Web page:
So I started to chase life back down the path. A late December evening in London, another 16-hour day designing websites, a realisation that I’d fallen off the Brisbane wave, I’d been holding myself back, enough was enough. I left the flat and bought a canal boat in Wiltshire with the aim of getting away, learning to paddle, and then undertaking a series of journeys on water. A few months later I set out on a two-and-a-half thousand kilometre walk and paddle along the Murray, Australia’s most iconic river. Rejuvenated, I balanced expectation with reality – I’d been backed by some great little companies who liked my style, but it wasn’t until the end of that journey that I’d begun to live the words I’d been stringing along. I’d been alone for the best part of three months, bedding down on remote river beaches in close proximity to ‘roos and koalas and snakes. And the best bit about it: I took my laptop with me and when I needed some money I popped together a website for someone back home, all the while perched on a riverbank with a possum scampering behind me with my lunch in its cheeks.
I was determined not to hit a vacuum after the Murray but I still did, a little. By then I knew I needed a project to keep me levelled in between expeditions and slowly the idea of Expedition1000 formed, and as it did I finally realised what I really wanted to do. I love travelling slowly, acquainting myself with new places at a non-race pace, combining sport and travel to stay fit and developing a true appreciation of the challenges faced by the environments I pass through, and the challenges I face personally en-route. I wanted a test that would take me around the world, to every continent, to both poles, across each ocean, something that would give me a long-term focus that would seamlessly pass from expedition to expedition. And so Expedition1000 was born: I would undertake 25 thousand-mile journeys, each using a different form of non-motorised transport. It was perfect.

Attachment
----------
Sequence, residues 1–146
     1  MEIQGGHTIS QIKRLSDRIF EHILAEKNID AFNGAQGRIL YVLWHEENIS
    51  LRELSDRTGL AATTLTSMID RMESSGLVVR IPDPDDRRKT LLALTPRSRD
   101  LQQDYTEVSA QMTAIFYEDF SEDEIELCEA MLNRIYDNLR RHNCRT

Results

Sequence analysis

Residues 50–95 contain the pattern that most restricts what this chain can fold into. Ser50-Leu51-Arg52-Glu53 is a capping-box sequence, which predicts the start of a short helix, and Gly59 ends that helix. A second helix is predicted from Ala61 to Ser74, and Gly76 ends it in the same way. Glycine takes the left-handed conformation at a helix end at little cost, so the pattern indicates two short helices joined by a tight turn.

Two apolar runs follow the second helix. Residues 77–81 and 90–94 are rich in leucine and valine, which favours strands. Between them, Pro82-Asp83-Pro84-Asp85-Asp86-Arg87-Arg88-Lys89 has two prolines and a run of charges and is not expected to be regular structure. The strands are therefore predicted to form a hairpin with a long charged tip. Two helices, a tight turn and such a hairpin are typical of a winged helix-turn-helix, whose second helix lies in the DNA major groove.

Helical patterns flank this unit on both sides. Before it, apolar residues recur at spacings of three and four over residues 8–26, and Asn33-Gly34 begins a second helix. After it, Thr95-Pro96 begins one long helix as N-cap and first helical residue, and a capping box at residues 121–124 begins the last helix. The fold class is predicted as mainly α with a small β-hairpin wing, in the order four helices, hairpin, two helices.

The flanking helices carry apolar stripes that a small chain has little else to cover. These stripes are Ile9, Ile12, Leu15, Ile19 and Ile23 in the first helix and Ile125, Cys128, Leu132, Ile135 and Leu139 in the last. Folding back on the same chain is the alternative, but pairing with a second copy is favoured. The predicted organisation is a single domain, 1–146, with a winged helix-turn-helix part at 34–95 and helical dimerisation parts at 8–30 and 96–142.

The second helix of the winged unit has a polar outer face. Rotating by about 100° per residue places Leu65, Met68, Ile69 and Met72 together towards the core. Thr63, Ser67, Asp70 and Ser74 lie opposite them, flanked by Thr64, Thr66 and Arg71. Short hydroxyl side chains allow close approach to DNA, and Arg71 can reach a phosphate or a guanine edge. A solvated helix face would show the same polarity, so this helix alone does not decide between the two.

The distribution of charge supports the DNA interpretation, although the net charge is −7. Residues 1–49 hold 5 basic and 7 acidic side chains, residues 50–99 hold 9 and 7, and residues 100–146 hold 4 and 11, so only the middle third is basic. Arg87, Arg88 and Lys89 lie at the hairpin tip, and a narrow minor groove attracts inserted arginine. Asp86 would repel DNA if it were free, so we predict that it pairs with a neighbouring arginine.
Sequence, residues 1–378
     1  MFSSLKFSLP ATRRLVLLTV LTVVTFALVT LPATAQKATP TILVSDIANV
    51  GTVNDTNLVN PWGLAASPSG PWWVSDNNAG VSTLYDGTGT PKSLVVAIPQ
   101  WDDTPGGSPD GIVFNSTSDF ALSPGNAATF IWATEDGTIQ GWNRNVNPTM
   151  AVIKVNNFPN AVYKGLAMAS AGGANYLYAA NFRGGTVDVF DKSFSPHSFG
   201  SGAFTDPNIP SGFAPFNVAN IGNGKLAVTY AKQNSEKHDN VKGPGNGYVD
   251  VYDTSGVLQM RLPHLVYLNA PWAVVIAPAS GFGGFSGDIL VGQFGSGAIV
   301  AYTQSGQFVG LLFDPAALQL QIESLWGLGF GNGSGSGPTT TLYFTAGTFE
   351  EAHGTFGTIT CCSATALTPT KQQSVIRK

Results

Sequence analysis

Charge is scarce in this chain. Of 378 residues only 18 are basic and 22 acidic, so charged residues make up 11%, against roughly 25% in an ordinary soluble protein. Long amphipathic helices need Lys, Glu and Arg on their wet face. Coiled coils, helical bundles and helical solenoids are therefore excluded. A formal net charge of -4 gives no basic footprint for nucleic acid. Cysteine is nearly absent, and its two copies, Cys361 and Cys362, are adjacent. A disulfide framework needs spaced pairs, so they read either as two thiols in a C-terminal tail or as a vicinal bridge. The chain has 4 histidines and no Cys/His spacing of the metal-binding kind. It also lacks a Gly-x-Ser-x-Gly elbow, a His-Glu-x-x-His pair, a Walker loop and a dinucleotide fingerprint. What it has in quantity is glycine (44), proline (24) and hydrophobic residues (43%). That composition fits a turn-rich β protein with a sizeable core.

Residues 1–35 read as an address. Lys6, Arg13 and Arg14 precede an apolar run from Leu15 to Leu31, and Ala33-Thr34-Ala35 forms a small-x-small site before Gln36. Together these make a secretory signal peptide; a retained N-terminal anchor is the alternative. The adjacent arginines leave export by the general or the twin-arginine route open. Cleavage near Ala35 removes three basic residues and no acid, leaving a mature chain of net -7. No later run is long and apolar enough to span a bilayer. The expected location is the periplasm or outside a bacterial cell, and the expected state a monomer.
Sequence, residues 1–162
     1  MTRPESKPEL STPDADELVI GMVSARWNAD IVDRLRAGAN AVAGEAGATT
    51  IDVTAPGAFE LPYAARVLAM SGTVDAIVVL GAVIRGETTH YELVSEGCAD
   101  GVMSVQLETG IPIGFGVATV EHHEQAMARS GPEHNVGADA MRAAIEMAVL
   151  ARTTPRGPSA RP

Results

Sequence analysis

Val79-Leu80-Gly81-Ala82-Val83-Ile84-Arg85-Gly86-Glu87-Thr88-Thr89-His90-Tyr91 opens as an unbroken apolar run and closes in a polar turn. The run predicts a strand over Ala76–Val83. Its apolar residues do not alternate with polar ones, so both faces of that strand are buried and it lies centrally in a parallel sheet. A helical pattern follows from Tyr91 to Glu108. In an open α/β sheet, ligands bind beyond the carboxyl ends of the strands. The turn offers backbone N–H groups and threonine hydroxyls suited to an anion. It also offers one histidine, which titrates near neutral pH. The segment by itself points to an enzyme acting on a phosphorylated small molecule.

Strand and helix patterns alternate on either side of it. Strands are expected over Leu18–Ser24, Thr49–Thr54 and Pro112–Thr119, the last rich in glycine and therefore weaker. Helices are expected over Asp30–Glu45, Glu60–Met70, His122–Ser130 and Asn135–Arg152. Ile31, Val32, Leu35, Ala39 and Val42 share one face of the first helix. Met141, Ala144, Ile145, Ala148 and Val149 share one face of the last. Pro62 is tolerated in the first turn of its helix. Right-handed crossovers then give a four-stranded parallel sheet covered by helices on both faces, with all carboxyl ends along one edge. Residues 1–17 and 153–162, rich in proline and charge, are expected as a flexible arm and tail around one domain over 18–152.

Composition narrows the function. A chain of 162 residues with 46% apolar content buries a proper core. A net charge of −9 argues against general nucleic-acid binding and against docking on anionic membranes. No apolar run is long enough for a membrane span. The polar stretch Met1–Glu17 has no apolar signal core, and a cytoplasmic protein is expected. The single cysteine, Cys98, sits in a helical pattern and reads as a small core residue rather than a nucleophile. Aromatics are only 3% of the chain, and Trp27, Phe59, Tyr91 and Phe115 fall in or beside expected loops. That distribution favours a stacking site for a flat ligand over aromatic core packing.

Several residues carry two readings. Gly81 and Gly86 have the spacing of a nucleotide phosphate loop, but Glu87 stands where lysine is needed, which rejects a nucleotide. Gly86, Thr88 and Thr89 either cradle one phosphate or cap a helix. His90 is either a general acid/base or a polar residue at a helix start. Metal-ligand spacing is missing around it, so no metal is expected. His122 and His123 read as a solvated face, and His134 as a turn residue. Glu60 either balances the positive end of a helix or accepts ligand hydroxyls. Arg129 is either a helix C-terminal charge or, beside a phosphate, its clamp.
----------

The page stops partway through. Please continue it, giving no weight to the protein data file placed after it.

You make your own luck and you give yourself a head start where you can. Having travelled over 1000 miles by skateboard and kayak, I only had twenty-three journeys left to plan, which gave me a niggle of satisfaction. You can travel the same road by bike and skateboard and solar-powered golf buggy and the perspective of each journey will be utterly different, every interaction en-route will be affected by your mode of transport, your body and mind will face different challenges each time. Suddenly, everything became a possible way to travel, and if you can travel one mile by strange or established means, you can travel 1000 too, you just need the time and the will.